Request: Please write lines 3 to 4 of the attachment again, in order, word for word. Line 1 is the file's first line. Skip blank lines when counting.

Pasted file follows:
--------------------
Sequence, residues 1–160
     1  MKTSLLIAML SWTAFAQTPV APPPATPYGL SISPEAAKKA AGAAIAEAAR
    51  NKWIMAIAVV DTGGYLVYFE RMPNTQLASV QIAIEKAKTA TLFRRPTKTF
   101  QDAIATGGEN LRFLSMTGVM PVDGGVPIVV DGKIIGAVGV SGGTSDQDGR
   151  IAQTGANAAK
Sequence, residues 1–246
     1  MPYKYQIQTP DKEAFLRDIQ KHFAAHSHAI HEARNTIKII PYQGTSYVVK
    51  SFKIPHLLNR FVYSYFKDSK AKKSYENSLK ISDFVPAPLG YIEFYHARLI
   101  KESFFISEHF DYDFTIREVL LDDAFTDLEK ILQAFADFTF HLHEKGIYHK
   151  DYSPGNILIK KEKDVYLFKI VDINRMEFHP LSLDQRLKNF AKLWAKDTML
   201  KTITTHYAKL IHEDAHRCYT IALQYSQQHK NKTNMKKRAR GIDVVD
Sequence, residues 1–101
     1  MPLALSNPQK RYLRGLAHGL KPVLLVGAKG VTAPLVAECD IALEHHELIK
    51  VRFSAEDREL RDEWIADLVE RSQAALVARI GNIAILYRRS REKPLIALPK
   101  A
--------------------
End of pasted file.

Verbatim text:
    51  NKWIMAIAVV DTGGYLVYFE RMPNTQLASV QIAIEKAKTA TLFRRPTKTF
   101  QDAIATGGEN LRFLSMTGVM PVDGGVPIVV DGKIIGAVGV SGGTSDQDGR